The Preacher Apostolic is a dignitary of the pontifical household whose task is to give meditation to the pope, as well as other senior officials of the Roman Catholic Church. The office of the Preacher Apostolic was established by Pope Paul IV in 1555, as one of the main reforms that the pope had planned to implement. The new office was unpopular especially among the prelates because the Preacher Apostolic had been known to bring moral teachings to the Papal court, and remind them of their respective duties. The Preacher Apostolic is also referred to as the Preacher to the Papal Household. The Preacher Apostolic is the only individual who is permitted to preach to the pope.
Before 1555, Franciscan clerics used to preach regularly in front of the Papal Court. After the formation of the office in 1555, the Preacher Apostolic is appointed by the pontiff, though generally presented by their predecessor, or by the superior general of the Capuchins. He receives a notification in the form of a Rescript by the Cardinal of the Apostolic Palace, and becomes ipso facto a Palatine prelate,and a member of the papal household. As such, he enjoys all the privileges attached to these titles.
The Preacher Apostolic preaches to the assembled papal court four times during Advent and on a weekly basis during Lent. He delivers the sermons in Advent on the Feasts of St. Andrew, St. Nicholas, St. Lucy and St. Thomas; and on Fridays in Lent, except in the Holy Week; during which the Passion Sermon is preached on Tuesdays.
The papal Court meets in the throne-room in the Vatican; the pulpit occupies the place of the throne. After everybody takes their positions, the sermon begins with an “Ave Maria”, which is recited loudly and answered by the audience. The pontiff is assisted by his majordomo and the master of the camera. The sitting arrangement in the papal Court is as follows: the front seats are occupied by the cardinals, followed by the bishops behind them, then the prelates and then the general heads of the Mendicant Orders. Nobody else is allowed into the papal Court unless permitted to do so by the pope.
At the end of the sermon, the Preacher Apostolic returns to the pope, kisses his feet, takes leave of him and he is then driven back to his convent. It is only the Preacher Apostolic who gives sermons in the papal Court. The sermon is considered confidential.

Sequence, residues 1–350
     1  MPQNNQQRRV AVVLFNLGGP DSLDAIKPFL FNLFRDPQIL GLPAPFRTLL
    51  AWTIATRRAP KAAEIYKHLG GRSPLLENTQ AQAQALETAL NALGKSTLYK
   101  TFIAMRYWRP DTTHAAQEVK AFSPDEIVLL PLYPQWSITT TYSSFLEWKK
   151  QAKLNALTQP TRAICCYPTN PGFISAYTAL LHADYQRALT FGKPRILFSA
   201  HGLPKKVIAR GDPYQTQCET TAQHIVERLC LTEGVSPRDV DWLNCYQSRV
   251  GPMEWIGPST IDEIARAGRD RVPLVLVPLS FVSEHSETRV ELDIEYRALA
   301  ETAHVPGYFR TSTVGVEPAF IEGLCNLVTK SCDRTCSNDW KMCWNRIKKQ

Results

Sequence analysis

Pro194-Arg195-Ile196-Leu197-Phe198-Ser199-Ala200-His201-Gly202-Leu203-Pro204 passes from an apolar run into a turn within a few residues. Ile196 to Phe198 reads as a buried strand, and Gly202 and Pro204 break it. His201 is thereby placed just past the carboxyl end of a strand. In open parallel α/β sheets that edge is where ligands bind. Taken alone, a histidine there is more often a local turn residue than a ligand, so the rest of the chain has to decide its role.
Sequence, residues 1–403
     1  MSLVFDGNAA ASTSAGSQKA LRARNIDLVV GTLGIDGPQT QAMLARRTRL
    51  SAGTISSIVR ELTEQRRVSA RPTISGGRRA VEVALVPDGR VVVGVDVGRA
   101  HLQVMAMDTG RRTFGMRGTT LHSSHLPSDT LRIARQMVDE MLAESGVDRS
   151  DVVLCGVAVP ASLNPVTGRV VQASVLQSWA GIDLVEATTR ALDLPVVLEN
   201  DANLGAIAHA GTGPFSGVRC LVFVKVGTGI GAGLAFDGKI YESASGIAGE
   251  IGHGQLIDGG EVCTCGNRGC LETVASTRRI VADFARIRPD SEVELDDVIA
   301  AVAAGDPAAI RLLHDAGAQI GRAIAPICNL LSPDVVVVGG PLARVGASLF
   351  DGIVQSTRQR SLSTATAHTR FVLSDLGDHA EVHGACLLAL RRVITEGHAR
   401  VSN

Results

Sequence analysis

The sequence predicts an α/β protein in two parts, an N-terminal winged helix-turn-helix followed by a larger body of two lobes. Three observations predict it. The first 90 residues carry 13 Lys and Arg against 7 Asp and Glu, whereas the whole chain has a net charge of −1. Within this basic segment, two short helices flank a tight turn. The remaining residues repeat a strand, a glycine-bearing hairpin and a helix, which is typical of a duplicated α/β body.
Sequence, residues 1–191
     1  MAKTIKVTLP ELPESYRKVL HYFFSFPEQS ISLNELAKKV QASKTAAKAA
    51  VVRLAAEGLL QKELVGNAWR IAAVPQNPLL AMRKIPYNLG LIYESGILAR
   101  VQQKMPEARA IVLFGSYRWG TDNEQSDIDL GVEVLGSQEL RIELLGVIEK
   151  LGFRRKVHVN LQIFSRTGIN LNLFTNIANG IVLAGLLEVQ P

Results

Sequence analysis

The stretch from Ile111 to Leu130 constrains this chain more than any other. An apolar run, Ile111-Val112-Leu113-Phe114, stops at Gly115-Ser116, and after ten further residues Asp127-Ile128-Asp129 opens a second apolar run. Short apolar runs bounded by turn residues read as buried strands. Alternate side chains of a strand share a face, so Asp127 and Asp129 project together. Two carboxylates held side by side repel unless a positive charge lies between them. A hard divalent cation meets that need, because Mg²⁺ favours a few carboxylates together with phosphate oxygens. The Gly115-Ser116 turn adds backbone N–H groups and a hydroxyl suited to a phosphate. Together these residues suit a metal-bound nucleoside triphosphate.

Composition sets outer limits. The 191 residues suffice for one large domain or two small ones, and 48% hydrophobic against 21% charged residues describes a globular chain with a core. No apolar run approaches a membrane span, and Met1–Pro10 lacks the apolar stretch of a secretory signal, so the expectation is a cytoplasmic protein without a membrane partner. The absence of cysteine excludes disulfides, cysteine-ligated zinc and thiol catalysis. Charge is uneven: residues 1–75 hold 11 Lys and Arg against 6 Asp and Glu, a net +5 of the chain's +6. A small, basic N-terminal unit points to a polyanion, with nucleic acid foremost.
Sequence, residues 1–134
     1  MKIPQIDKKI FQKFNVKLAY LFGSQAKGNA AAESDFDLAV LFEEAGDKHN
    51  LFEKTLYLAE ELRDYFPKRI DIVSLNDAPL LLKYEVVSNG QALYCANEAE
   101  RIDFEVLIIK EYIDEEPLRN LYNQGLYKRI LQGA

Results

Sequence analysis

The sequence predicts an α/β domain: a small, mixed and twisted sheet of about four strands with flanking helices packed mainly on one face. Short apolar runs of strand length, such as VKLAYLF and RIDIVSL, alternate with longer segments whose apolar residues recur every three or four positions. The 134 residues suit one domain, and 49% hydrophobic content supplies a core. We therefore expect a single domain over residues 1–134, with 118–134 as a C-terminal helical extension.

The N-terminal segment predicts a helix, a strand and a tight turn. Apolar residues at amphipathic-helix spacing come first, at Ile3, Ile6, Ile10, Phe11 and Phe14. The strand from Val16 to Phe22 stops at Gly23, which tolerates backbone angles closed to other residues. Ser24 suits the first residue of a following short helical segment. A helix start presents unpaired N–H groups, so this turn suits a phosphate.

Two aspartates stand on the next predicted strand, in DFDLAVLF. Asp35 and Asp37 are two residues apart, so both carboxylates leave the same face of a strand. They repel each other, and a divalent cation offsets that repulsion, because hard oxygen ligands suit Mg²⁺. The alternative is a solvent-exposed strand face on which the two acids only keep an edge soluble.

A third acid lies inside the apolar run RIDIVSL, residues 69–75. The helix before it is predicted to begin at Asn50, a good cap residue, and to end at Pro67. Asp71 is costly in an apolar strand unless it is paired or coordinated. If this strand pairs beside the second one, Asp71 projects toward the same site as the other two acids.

The Noble Guard (Italian: Guardia Nobile) was one of the household guard units serving the Pope. It was formed by Pope Pius VII in 1801 as a regiment of heavy cavalry. Conceived as the Pope’s personal guard, the unit provided a mounted escort for the Pope when he moved about Rome in his carriage and mounted guard outside his apartments in the papal palaces. The guardsmen were also available for special missions within the Papal States at the behest of the pope. One of their first major duties was to escort Pius VII to Paris for the coronation of Napoleon Bonaparte. Exclusively a palace guard, the Noble Guard saw no active military service or combat during the several military campaigns that engaged the Papal States between 1801 and 1870. With the unification of Italy and the abolition of the Papal States in 1870, the Noble Guard restricted its activity to the buildings and grounds of the Vatican. Though nominally still a cavalry unit, the unit had little opportunity to deploy on horseback in the limited confines of the Vatican, although two mounted troopers would accompany the papal carriage when the Pope was driven around the Vatican gardens. In 1904 mounted service was abolished entirely and the last horses were sold off. Originally armed with carbines, pistols and sabers, after 1870 the guardsmen carried only a saber.
The corps was always a volunteer one – its members were not paid for their service, although they received an allowance for their uniforms. Recruits were drawn from noble families in Rome, although in the twentieth century requirements were relaxed in practice to allow nobility from other regions of Italy to join the corps. The commander of the corps was called the Captain. One of the subordinate positions within the corps was that of Hereditary Standard-Bearer, who was responsible for carrying the standard of the Catholic Church.
After 1870, the Noble Guard, now reduced to a force of fewer than 70 men, performed mainly ceremonial duties as an honor guard. Guardsmen most commonly appeared in public when the pope presided over ceremonies in Saint Peter’s Basilica. When the pope was carried in the sedia gestatoria, Noble Guards walked alongside the papal chair. During the hours reserved for papal audiences, guardsmen also stood in the antechamber of the papal apartments and, on formal occasions, on either side of the papal throne. During the Second World War, the Noble Guard shared responsibility with the Swiss Guard for the personal security of Pope Pius XII. For the first time since 1870 pistols were issued to duty personnel. Throughout the war, Noble Guards mounted guard outside the papal apartment night and day and guardsmen followed Pius XII when he took his daily walks in the Vatican Gardens.
The guard was abolished by Pope Paul VI in 1970 as part of the reforms of the Church following Vatican II.